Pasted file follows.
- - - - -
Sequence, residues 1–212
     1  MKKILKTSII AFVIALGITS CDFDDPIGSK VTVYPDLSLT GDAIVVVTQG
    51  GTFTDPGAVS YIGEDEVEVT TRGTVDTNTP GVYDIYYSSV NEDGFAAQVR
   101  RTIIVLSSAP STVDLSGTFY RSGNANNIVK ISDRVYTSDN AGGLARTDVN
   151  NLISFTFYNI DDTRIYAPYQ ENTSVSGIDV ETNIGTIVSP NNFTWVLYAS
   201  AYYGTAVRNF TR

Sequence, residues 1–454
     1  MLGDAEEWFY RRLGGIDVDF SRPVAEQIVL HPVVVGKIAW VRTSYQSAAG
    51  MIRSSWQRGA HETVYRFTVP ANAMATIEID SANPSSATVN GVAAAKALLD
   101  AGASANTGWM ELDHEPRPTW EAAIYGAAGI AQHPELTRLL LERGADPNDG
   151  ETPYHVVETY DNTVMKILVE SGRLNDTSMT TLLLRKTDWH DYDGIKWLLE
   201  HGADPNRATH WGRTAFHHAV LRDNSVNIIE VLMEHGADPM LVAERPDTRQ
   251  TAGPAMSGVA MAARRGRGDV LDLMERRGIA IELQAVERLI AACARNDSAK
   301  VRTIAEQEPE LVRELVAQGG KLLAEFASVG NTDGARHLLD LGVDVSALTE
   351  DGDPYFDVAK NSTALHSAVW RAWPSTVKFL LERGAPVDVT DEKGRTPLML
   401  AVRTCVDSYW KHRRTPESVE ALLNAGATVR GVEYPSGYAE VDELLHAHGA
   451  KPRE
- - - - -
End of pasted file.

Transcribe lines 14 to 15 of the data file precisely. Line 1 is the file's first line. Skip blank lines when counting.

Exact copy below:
   301  VRTIAEQEPE LVRELVAQGG KLLAEFASVG NTDGARHLLD LGVDVSALTE
   351  DGDPYFDVAK NSTALHSAVW RAWPSTVKFL LERGAPVDVT DEKGRTPLML